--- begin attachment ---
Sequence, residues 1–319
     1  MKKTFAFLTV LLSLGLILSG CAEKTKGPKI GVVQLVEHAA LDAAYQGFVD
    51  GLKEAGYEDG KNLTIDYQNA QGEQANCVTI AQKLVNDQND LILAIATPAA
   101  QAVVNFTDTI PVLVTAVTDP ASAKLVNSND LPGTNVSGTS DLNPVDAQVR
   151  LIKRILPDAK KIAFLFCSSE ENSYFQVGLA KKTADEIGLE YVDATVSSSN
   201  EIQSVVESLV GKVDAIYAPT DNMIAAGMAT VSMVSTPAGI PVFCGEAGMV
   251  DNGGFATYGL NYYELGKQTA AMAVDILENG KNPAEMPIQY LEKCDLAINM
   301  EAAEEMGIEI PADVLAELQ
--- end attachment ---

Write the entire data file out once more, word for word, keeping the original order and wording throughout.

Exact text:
Sequence, residues 1–319
     1  MKKTFAFLTV LLSLGLILSG CAEKTKGPKI GVVQLVEHAA LDAAYQGFVD
    51  GLKEAGYEDG KNLTIDYQNA QGEQANCVTI AQKLVNDQND LILAIATPAA
   101  QAVVNFTDTI PVLVTAVTDP ASAKLVNSND LPGTNVSGTS DLNPVDAQVR
   151  LIKRILPDAK KIAFLFCSSE ENSYFQVGLA KKTADEIGLE YVDATVSSSN
   201  EIQSVVESLV GKVDAIYAPT DNMIAAGMAT VSMVSTPAGI PVFCGEAGMV
   251  DNGGFATYGL NYYELGKQTA AMAVDILENG KNPAEMPIQY LEKCDLAINM
   301  EAAEEMGIEI PADVLAELQ